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REfashiond Icon | Stephanie Rising [Tucson, Arizona]

Ah yeaaaah! We are getting to the end of the year and on our way to wrapping up the 2021 issue of Success Refashiond Magazine! How exciting is that?? We have a lot of women coming at you in a short amount of time, and I can't wait to share them all with you! 

 

Also, this year, we will finally have a LAUNCH PARTY!! (happy dance with me!!) And I am so excited. Details will be coming at you soon, but for now, plan to join us near the end of January!

 

Today I have someone pretty special for you. She is amazing at supporting and cheerleading other women on in our community, heading up one of the fastest growing online BNI chapters during 2020, and running a successful business of her own, The Rising Effect, for 15 years. I have been lucky to have had her by my side in the last year or so and I am thrilled to bring her to you today!

 

Read on to find out more about the amazing, Stephanie Rising.


Jessica: What does RED symbolize for you?

 

Stephanie: Definitely strength, power, passion, and also warmth. I think it’s that last part where we have the opportunity to do things a little differently. Those first three words are very subjective and often associated with old concepts – especially what it means to be strong and powerful. But as soon as you mix warmth into the equation it changes, I think, for the better.

 

Jessica: What does Success REfashiond Mean to you?

 

Stephanie: It means we pump the brakes and really question the nature of success. Like Strength or Power, Success is another one of those highly charged words that comes with too much outdated baggage, mostly attached to material things. For me personally, Success is shedding the B.S. and luxuriating in choice.

 

Jessica: Tell us about you.

 

Stephanie: My family moved to Tucson from upstate New York just before I turned six. A view of the Catalinas is home to me – I love our mountains, the sunsets, the sense of space, the smell of creosote…. The Sonoran desert is a beautifully nuanced place. As kids, my parents used to take me and my brother for walks in the desert. They taught us how to watch out for snakes, and kick over a rock and check for scorpions before picking it up. I used to look for dried pieces of cholla skeleton, and I’d stuff the holes with pretty little rocks and flowers for my Mom. It fed my curiosity about nature and how to look for small but beautiful things. I guess in a way that’s remained a hobby of sorts. I still love to go for walks and to observe. I like when things reveal themselves to you in layers. When I think about it, I very much bring that to my work.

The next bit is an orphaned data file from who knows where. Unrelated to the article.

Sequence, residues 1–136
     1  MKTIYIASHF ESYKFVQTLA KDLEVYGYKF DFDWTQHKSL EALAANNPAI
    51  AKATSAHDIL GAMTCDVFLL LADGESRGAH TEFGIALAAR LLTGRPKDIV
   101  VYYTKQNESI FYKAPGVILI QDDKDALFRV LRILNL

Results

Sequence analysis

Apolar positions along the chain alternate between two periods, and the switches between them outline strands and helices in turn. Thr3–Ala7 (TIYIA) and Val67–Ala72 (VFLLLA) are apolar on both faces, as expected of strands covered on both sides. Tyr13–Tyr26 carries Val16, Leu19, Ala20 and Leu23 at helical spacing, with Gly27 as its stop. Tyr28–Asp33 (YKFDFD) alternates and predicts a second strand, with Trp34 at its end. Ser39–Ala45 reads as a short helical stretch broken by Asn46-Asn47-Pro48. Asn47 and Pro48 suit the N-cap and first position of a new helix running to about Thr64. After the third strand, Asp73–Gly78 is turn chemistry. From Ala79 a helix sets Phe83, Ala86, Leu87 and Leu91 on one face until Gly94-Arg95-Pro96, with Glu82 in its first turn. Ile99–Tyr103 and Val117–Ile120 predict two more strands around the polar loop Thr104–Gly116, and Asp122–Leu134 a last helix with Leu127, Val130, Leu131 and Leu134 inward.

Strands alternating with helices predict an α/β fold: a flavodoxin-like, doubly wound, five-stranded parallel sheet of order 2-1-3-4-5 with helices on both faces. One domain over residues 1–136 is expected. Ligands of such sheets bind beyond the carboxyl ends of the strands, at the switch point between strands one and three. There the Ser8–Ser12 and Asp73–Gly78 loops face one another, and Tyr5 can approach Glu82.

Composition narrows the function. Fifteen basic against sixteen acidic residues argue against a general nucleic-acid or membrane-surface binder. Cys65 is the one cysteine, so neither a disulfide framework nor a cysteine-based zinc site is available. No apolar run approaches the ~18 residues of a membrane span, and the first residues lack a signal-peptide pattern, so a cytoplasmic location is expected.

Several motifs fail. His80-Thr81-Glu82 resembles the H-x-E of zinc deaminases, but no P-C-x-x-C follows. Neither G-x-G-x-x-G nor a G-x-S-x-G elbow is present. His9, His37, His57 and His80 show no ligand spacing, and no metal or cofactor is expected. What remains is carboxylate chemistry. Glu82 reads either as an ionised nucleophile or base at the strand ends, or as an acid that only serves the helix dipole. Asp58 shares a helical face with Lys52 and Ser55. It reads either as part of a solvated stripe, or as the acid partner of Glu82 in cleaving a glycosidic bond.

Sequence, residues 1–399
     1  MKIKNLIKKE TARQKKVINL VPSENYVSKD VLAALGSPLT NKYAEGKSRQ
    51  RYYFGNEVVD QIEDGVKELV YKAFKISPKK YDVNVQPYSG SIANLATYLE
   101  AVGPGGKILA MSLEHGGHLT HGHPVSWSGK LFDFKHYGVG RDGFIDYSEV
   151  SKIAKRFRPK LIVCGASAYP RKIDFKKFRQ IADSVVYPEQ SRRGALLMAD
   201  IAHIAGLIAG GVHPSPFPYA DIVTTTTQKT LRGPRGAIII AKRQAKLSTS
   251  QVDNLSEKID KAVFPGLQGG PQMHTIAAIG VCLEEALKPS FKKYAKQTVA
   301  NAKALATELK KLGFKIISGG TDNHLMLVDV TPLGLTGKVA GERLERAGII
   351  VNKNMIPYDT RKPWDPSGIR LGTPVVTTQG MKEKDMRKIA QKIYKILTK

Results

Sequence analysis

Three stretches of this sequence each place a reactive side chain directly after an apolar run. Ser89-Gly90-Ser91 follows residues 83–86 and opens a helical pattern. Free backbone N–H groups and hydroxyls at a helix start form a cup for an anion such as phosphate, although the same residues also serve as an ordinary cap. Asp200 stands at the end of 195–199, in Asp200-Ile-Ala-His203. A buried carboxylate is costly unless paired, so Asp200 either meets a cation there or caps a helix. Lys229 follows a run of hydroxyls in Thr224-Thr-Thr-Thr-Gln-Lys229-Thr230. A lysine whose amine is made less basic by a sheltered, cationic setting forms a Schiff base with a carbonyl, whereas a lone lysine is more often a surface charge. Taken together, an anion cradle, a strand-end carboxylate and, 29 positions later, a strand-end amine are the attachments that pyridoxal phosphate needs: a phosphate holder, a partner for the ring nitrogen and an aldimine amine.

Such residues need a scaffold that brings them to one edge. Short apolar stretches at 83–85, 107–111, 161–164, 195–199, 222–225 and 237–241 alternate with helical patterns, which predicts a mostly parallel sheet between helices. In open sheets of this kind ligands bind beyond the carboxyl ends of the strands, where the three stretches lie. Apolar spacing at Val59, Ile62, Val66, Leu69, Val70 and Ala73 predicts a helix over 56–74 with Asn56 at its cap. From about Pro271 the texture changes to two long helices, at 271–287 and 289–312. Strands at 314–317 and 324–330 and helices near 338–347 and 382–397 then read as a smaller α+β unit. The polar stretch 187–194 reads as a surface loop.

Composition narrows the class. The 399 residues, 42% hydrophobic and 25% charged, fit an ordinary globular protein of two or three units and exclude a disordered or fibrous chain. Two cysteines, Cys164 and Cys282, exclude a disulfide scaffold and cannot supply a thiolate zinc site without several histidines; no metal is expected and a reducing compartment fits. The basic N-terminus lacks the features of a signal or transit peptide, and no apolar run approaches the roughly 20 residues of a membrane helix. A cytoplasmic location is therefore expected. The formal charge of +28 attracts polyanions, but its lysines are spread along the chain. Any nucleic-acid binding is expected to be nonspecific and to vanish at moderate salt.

I also have the good fortune of being married to George Rising, who deserves a shout out after waxing rhapsodic about the desert!

 

Jessica: Tell us about what you do.

 

Stephanie: I’m a small business coach. I love small businesses; I think it takes a lot of guts to own one. The people they employ, the services they offer their community, the charities they support, the families they feed…. and they do all that with a fraction of the resources of a corporation. There are times when that level of responsibility can feel overwhelming and isolating. I help them look at their business holistically – from team utilization to marketing, from systems to finances. I’m an objective brainstorming partner who helps you take a step back and think about what you really want to do, how to get there, and why it’s important to you.

 

I’ve been in practice for 15 years, and I love this more than ever. It’s incredibly rewarding and interesting work that lets me rummage in my mental toolbox all day. I feel really lucky.

 

Jessica: Why is the work you do so important?

 

Stephanie: I feel like I’m on a sort of quest to save people’s sanity. We have an absolutely bizarre, grind-it-out ethos in this country around work. The last stat I read reported that the average American spends 90,000 hours of their life on the job. So much of that is spent on a hamster wheel of stress that equates hours worked with success or productivity. Like it’s a badge of honor to work 60 hours a week. It’s incredibly unhealthy, and I seriously doubt that a single human being has ever regretted on their deathbed not answering more email. I want to help people feel fulfilled by their work, empowered in their personal growth, and be able to just breathe. 

 

Vacations. Remember those things? They’re nice. Take one.

 

Jessica: What’s a common myth about your industry or business? and can you debunk it?